The relatives of nine Lebanese pilgrims held hostages in Syria are stepping up their pressure against Turkey and Turkish interests in Lebanon. The Shiite pilgrims were kidnapped by Syrian rebels almost a year ago, on their way from Iran, shortly after crossing the Turkish-Syrian borders. Their families have repeatedly blamed Turkish authorities for their abduction and for failing to ensure their release. They are holding sit-ins in front of the Turkish embassy, and the Turkish cultural center. They initiated a campaign to boycott Turkish products and vowed to disrupt the work of Turkish companies or institutions operating in Lebanon. On 25/04, they urged the government, and caretaker Energy Minister Gebran Bassil specifically, to exclude any Turkish company from offshore exploration tenders, citing TPAO in particular, but eyeing any other company with strong Turkish links, such as Genel Energy.

This was not an easy week for Turkey in Lebanon. Beside the repeated sit-ins and media appearances of the relatives of the pilgrims, thousands of Lebanese-Armenians marched in the streets of Beirut on 24/04 to commemorate the 98th anniversary of the genocide, calling on Turkey to recognize the genocide and to compensate victims. Non-Armenian Lebanese also joined the march, including the families of the nine Shiite pilgrims. And to conclude this troubled week, the Turkish firm operating the power ship Fatmagül Sultan hired by Lebanon to generate extra power has considerably cut its electricity production since 25/04, for reasons that have yet to be disclosed.

Eastern Mediterranean – Security of offshore resources:

The Israeli army intercepted and destroyed a drone on 25/04, off the coast of the northern city of Haifa [see MESP’s analysis “FLASH: Liban – Israël: Drones vs Drones” published on 25/04]. It claimed the drone entered the Israeli airspace from the Lebanese side of the borders and some Israeli officials immediately accused Hezbollah. But the Lebanese resistance group, which sent a first drone to Israel in October 2012, was quick to deny the claims, although it is virtually the only group in Lebanon capable of launching and operating drones. The drone reportedly flew over Israeli offshore gas installations. The incident is yet another warning of the fragile security situation on the borders, that hangs over potential oil and gas investments like a sword of Damocles, and raises the question of the security of offshore resources and installations.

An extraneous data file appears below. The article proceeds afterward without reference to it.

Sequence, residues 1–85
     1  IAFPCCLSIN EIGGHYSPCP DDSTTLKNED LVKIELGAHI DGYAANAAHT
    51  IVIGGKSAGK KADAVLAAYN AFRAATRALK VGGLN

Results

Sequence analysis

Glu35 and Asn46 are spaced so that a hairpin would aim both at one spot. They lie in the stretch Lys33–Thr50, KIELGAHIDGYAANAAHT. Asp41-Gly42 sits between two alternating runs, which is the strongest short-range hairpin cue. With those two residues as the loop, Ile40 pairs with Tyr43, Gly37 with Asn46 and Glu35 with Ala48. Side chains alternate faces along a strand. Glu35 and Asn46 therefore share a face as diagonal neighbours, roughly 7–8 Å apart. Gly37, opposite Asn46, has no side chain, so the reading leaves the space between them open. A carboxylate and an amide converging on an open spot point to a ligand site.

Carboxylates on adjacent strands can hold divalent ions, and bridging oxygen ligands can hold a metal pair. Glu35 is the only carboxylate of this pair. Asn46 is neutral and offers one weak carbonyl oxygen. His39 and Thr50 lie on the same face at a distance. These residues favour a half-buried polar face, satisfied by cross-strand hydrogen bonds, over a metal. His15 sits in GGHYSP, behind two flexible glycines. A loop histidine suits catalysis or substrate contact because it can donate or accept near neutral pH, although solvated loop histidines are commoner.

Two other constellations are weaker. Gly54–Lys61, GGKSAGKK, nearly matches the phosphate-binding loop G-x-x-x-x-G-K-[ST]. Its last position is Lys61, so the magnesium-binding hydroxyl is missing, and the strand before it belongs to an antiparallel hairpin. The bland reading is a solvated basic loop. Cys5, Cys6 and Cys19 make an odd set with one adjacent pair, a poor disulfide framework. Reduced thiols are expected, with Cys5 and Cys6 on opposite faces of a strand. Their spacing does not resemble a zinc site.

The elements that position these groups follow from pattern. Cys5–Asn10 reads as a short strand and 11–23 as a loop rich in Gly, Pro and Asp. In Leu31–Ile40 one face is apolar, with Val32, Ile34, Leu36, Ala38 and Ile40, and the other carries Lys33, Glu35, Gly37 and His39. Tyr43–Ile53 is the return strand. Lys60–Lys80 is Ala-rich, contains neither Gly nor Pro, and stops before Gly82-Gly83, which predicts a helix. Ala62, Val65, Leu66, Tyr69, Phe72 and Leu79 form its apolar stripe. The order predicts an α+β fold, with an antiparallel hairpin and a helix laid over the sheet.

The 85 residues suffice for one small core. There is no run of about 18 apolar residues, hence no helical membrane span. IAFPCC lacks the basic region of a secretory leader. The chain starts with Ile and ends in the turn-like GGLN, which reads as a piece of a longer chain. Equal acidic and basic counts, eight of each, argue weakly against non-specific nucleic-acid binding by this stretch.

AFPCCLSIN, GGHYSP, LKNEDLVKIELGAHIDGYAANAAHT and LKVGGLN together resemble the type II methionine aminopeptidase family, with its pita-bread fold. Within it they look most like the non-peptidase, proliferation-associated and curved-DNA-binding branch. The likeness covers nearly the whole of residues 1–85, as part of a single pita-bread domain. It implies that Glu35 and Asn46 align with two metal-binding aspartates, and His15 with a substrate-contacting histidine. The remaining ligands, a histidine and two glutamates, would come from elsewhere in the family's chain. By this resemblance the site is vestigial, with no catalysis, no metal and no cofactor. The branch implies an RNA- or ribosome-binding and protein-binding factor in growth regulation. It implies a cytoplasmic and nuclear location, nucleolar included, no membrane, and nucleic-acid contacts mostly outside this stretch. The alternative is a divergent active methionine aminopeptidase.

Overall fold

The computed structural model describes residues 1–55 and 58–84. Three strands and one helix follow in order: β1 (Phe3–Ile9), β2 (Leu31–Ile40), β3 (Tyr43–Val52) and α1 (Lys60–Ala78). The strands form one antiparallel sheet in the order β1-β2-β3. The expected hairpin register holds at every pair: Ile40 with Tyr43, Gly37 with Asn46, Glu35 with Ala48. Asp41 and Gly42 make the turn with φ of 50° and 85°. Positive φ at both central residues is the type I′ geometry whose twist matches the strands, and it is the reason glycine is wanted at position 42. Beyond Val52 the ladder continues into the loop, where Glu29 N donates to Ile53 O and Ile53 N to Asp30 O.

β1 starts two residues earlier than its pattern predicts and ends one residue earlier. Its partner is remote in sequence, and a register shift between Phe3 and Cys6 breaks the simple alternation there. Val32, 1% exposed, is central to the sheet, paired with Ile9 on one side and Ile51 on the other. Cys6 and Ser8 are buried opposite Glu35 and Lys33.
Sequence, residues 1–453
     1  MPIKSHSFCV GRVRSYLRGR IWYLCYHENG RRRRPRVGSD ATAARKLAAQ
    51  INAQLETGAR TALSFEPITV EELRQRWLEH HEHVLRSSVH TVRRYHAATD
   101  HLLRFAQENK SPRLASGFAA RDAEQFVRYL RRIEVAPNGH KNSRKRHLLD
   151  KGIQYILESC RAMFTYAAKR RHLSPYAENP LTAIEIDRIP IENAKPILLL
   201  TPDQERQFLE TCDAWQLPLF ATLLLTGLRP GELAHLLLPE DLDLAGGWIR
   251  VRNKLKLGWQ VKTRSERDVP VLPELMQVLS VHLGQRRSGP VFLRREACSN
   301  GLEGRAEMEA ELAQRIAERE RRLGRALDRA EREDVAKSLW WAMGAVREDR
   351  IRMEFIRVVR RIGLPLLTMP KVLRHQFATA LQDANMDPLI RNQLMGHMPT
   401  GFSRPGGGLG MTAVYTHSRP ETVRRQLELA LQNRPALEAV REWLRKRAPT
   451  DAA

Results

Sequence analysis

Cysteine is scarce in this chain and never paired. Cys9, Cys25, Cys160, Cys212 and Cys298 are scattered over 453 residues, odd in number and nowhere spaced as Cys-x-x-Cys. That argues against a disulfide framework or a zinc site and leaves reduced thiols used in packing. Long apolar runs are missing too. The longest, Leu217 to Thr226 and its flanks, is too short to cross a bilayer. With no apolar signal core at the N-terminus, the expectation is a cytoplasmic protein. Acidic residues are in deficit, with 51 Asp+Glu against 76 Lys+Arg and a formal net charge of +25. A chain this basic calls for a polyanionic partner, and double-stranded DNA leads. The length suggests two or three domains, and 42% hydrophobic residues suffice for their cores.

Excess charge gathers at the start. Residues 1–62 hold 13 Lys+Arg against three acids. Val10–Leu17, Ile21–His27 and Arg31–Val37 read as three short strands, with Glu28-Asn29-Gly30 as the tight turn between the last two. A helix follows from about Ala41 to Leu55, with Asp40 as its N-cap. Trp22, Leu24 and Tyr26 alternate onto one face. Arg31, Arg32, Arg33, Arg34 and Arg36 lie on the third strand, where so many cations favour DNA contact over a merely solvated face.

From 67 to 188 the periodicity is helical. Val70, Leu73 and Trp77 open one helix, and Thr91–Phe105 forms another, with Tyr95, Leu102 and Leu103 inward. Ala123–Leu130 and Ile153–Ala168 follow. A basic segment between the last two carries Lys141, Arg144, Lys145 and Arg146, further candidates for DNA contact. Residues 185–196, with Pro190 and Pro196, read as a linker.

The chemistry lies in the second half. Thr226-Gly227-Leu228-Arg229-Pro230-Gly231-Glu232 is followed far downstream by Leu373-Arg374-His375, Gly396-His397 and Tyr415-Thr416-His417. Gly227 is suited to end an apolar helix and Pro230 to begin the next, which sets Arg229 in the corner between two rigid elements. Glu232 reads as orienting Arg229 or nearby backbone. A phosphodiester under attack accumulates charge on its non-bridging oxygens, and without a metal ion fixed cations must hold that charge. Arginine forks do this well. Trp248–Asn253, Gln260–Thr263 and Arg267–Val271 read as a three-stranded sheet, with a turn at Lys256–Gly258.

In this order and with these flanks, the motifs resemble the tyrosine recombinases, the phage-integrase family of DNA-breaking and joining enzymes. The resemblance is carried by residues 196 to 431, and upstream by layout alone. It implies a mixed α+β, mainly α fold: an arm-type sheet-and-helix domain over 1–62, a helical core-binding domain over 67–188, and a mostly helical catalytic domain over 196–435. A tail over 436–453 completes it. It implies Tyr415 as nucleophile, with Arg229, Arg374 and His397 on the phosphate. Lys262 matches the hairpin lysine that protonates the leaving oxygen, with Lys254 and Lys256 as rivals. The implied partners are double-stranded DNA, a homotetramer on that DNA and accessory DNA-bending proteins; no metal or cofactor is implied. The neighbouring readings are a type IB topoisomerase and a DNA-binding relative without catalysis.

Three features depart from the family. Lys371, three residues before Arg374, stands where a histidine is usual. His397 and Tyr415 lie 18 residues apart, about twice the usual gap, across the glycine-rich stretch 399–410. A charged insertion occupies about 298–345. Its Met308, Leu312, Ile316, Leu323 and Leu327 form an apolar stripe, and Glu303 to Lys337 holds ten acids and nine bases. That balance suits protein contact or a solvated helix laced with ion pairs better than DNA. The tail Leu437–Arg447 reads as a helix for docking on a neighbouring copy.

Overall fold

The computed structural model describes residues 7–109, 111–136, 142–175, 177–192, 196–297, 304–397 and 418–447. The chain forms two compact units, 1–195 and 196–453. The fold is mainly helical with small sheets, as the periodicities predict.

Lebanon – Oil & Gas 2013 Summit:

The Lebanon Oil & Gas 2013 Summit was held on 22-23/04 in Beirut, under the auspices of chairman of the Parliament’s Public Works, Transport, Energy and Water Committee, Mohammad Qabbani, with the support of the Embassy of Russia and the Embassy of Chile in Lebanon, as well as the UK Trade & Investment. Holding the event on time, only a few days after the organizers of Lebanon Oil, Gas & Energy Conference (LOGEC 2013) chose to postpone their own conference, “due to the unstable security and political situation,” shows a more profound commitment. The conference was attended by UK ambassador Tom Fletcher and Norwegian ambassador Svein Aass, highlighting once again the leading role of these two embassies in accompanying the emergence of the Lebanese oil and gas sector.